‘Increase in tobacco tax to impact smoking affordability’

 
May 18, 2021

Islamabad:The affordability is found to be the main facilitator for smoking, especially at a younger age, and this could be countered by increasing taxes on tobacco related products including the...

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Islamabad:The affordability is found to be the main facilitator for smoking, especially at a younger age, and this could be countered by increasing taxes on tobacco related products including the cigarettes.

This has been revealed in a research study, ‘Switch, Reduce or Quit: How do smokers respond to tobacco tax increases in Pakistan,’ recently carried out by Pakistan Institute of Development Economics (PIDE).

The study found that the initiation age for tobacco use is as early as six years and young people in general and adolescents, in particular, are the most vulnerable to initiate tobacco use. The probability of starting using tobacco fades as people reach their forties, it said.

It said that affordability that leads many younger age group to start smoking could be cut by increasing taxes on tobacco related products that could also help the government raise revenue.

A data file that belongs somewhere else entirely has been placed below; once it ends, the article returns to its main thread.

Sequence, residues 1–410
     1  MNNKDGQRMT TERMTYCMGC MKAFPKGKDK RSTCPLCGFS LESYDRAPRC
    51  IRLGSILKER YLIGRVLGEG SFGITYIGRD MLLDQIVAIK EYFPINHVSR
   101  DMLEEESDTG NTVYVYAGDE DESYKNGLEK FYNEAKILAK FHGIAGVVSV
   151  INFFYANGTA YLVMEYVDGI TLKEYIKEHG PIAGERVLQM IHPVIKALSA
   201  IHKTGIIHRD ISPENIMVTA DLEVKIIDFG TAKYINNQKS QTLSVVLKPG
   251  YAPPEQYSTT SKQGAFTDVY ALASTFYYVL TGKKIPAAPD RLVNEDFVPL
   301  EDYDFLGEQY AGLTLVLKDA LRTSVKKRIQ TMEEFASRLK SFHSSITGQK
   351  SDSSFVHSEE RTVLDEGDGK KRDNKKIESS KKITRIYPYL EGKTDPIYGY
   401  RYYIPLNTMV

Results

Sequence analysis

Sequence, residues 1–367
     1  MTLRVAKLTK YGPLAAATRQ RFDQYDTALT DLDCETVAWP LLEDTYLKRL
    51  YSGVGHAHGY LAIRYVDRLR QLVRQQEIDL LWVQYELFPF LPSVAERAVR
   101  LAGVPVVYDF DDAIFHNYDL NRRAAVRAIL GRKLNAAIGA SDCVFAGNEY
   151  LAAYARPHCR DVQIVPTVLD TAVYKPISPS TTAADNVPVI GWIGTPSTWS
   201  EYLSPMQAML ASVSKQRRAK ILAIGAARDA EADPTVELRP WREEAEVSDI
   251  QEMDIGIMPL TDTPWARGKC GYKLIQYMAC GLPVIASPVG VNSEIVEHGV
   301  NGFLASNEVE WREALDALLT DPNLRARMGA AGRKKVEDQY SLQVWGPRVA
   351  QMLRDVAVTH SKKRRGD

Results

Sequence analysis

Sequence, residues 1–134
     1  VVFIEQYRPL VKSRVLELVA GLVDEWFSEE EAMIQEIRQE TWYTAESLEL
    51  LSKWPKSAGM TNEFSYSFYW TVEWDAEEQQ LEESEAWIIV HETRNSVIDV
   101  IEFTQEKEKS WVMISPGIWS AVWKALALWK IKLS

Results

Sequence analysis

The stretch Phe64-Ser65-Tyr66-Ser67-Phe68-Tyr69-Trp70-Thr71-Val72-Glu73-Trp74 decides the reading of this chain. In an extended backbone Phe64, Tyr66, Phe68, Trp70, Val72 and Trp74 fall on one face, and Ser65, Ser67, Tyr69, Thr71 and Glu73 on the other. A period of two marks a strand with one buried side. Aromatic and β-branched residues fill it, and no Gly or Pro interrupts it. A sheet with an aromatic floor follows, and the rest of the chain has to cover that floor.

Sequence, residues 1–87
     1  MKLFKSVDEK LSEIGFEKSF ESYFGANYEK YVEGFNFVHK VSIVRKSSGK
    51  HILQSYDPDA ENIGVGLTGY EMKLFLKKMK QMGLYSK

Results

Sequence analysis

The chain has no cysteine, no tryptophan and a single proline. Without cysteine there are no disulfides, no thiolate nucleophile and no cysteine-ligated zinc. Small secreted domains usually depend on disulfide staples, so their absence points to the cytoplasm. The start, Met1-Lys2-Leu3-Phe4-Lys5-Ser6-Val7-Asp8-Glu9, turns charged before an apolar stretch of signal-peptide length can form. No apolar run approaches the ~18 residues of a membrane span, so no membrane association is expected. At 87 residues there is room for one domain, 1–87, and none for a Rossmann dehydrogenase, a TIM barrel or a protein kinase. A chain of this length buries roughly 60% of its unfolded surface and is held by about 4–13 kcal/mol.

The smoking is the leading cause of preventable deaths globally, and consequently, various programs and interventionist policies have been suggested and implemented to curb tobacco use and reduce cigarette consumption.

Among these, tobacco taxation is the most effective, it said, adding that evidence suggests that significant increases in cigarette taxes are effective in reducing smoking initiation by non-smokers and cigarette consumption of smokers – either by reducing the number of cigarettes, they smoke or quitting completely.

It said the price-increase strategy – executed through taxation – effectively reduces the overall prevalence of smoking. Such evidence provides strong encouragement to public health experts worldwide, including those in Pakistan, to push their respective governments to use tax policy as a tool in the fight against tobacco consumption and its associated harms.

The tobacco excise taxes as a proportion of prices are much lower than the 70 percent minimum suggested by the Word Health Organization. The taxes should be increased at least to this threshold to have a meaningful impact on reducing cigarette consumption in Pakistan, the study said.

The research demonstrates unequivocally that most smokers start when they are young, even very young, it said, adding that therefore, another policy implication is that the programs directed at discouraging tobacco initiation should be redesigned to make them effective in targeting young people in general and adolescents in particular.

An effective taxation policy supported through various tobacco control policies, including awareness campaigns, would serve this purpose, the study concluded.



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